Bangkok, Thailand

From nycsubway.org

BTS - Skytrain

Until the late 1950s, Bangkok, Thailand had a thriving, complex, and efficient streetcar system. But like most cities around the world, the system was replaced by diesel-powered buses. As the population grew, so did the traffic. For years now, it has been the same old story - traffic so awful that it can take hours to get to a destination that could be reached more quickly on foot! Residents and visitors alike spend an hour in traffic going from the National Stadium to Sathon Bridge, for example, which can now be reached by train in just 13 minutes. Similarly, the ninety minute trip by car or bus from Sukhumvit Road to Mor Chit, is only a half hour by rail.

Opening day for the rail line, December 5, 1999 - the King's birthday (he was born in Cambridge, Massachusetts, by the way!) - means a new way-of-life for Bangkokians. There are two lines: the Sukhumvit Line with 17 stations along its 10.5 mile length, and the Silom Line, with seven stations along its four mile run. Together, there will be 35 trains which will operate from approximately 5:00 am to midnight daily. Both lines are on elevated concrete structures about 35 feet up, supported by pillars placed approximately 100 feet apart. Tight financial constraints ruled out any elevators or escalators; one must climb the equivalent of four stories to reach the station platforms. No ADA compliance here!

Top speed of the third-rail powered trains is 80 kph (48 mph). Each car has 42 fiberglass seats, and numerous polls and overhead handholds for standees; cars measure approximately 10 ft. wide by 65 ft. long. There are four doors per side, and from all reports, excellent air conditioning (vital with Bangkok's tropical climate). Fares are collected automatically using magnetic strip cards. One hundred twenty-eight train operators have been hired, two of whom are women.

March, 2001 update: BTS (Skytrain) has now been in operation for 16 months. It is increasing in popularity, as evidenced by more crowding during rush hours, and more weekend usage as well. In October, 2000, BTS instituted various discount/multi-ride programs, and this seems to have helped. At 30-40 Baht (about $0.75-$1.00) for single rides, many Thai people were not able to afford commuting daily on the system, which is about four times the cost of a bus ride. 30 day passes are now available as follows:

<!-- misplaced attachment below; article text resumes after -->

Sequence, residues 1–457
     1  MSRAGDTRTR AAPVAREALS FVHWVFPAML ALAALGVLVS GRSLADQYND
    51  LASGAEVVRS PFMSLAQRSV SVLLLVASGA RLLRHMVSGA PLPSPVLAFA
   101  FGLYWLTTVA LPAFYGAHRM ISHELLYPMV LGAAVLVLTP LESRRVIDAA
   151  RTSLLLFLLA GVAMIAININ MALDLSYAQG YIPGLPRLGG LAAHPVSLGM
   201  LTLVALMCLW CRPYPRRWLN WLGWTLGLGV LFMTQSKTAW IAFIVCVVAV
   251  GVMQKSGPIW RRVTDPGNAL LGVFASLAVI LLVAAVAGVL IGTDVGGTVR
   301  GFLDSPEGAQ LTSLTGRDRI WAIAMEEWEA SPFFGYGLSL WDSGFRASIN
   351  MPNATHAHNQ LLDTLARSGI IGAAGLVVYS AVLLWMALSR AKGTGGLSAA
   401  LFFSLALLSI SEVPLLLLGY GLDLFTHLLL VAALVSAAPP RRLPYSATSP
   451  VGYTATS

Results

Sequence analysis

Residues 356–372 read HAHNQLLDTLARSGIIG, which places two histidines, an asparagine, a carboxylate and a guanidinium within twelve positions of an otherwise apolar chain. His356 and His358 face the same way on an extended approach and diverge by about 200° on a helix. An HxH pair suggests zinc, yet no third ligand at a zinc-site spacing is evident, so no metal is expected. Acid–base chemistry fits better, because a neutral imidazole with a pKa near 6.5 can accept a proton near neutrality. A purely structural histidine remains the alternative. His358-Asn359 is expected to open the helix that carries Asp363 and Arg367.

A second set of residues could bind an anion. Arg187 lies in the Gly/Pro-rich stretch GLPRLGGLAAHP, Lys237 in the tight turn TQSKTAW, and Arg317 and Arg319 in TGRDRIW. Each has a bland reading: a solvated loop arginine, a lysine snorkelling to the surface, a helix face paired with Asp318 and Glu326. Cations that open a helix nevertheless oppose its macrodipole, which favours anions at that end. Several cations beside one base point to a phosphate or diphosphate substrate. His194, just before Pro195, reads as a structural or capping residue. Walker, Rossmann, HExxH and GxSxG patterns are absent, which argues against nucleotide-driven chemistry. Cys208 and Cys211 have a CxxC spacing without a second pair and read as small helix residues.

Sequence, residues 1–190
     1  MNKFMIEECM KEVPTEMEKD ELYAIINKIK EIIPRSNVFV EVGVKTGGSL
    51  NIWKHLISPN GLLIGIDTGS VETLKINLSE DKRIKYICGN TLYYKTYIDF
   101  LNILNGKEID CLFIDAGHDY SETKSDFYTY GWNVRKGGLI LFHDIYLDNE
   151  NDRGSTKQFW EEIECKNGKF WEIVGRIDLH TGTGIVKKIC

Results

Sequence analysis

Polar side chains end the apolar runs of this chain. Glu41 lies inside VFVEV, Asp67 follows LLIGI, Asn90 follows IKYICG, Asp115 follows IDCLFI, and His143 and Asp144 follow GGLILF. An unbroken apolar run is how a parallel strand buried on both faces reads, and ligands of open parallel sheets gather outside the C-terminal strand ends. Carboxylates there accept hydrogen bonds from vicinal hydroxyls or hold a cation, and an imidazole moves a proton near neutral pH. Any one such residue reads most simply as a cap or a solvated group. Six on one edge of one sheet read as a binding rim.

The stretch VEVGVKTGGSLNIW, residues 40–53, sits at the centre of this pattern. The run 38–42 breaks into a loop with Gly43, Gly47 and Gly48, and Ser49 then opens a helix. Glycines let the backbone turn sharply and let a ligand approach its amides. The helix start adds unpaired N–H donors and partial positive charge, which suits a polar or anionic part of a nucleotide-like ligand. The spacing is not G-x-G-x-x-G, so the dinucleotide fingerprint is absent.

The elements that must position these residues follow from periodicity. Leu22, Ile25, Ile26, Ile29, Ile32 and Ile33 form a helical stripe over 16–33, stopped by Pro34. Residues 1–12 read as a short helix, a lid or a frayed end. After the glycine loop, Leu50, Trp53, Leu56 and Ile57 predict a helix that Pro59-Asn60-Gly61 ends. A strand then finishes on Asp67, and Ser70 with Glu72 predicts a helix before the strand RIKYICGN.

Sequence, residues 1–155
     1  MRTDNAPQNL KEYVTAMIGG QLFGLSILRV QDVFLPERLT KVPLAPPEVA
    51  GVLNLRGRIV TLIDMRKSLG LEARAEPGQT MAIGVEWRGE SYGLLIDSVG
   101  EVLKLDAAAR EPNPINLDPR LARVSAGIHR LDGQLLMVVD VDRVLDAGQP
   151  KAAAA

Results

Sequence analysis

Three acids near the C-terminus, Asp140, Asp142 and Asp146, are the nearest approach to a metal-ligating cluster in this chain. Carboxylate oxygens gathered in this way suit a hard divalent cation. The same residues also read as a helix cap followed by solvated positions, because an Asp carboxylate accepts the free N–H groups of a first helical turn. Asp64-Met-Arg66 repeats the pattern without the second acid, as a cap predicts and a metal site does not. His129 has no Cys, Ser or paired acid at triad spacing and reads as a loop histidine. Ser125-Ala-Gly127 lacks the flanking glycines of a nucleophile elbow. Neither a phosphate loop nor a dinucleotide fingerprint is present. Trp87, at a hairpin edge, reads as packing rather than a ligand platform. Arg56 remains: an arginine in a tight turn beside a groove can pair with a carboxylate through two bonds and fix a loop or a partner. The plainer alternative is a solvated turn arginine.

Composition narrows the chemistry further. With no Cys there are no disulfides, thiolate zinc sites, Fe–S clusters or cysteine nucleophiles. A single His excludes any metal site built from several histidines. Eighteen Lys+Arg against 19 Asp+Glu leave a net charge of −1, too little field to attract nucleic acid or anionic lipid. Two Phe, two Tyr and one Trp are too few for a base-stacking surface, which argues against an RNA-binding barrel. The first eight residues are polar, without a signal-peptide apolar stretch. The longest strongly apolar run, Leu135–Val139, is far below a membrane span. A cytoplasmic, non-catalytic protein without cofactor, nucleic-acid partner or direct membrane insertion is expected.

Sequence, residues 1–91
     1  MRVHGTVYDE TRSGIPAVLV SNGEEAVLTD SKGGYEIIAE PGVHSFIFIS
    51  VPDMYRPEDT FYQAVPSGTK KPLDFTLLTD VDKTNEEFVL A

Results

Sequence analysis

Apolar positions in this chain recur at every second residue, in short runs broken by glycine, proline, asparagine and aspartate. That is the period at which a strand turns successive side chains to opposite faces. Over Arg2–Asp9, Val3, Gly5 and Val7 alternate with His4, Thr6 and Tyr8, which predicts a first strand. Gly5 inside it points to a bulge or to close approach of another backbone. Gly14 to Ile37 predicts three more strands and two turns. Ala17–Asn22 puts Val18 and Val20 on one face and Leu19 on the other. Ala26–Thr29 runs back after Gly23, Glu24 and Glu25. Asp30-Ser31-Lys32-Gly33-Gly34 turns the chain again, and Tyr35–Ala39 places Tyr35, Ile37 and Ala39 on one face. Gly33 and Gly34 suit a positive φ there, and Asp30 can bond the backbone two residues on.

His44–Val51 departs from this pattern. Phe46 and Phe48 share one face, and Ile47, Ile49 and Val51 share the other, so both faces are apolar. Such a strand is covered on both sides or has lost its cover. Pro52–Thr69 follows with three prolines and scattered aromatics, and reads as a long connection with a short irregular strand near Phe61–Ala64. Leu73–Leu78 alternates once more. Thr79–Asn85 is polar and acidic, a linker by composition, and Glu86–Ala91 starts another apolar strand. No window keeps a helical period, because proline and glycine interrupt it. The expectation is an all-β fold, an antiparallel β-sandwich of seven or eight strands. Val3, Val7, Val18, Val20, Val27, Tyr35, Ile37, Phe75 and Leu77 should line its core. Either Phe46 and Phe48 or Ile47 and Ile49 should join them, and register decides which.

• Adult 10 Trip - 250 Baht (38% discount)
  • Adult 15 Trip - 300 Baht (50% discount)
  • Adult 30 Trip - 540 Baht (55% discount)
  • Student 10 Trip - 160 Baht (60% discount)
  • Student 15 Trip - 210 Baht (65% discount)
  • Student 30 Trip - 360 Baht (70% discount)

Since its opening, Bangkok's BTS Skytrain has primarily used mag-stripe cards for fare media, with RFID cards used only for frequent users who desire stored-value cards. Now, RFID proximity cards have been added for unlimited ride users. The mag-stripe cards are still used for exact-fare, distance-based single rides, and are retained by the exit gate.

The prox cards are available for multiple ride "SmartPass" users. Options are as follows:

  • 20 Trips = 440Baht (average 22B/trip) for adults; 340Baht (average 17B/trip) for students
  • 30 Trips = 600Baht (average 20B/trip) for adults; 450Baht (average 15B/trip) for students
  • 40 Trips = 800Baht (average 20B/trip, plus four free trips); 600Baht (average 15B/trip, plus four free trips) for students
  • (As of January, 2008, ~30Baht/1US$)

SmartPasses are valid for 30 days from first use, and have a five-year lifetime from date of first use. Unlimited travel distance is permitted per ride. (These fares are less of a concession than previously, where for example a 30 Trip card for adults was 540B.)

The newly-branded SKY SmartPass is a refillable prox card for those who ride less frequently. The intitial fee is 100Baht, with a minimum refill of 100Baht and maximum refill of 2000Baht. They have a five-year lifetime from date of first use. There is a 30Baht issuing fee for a new SmartPass, which is not included in the value of the card.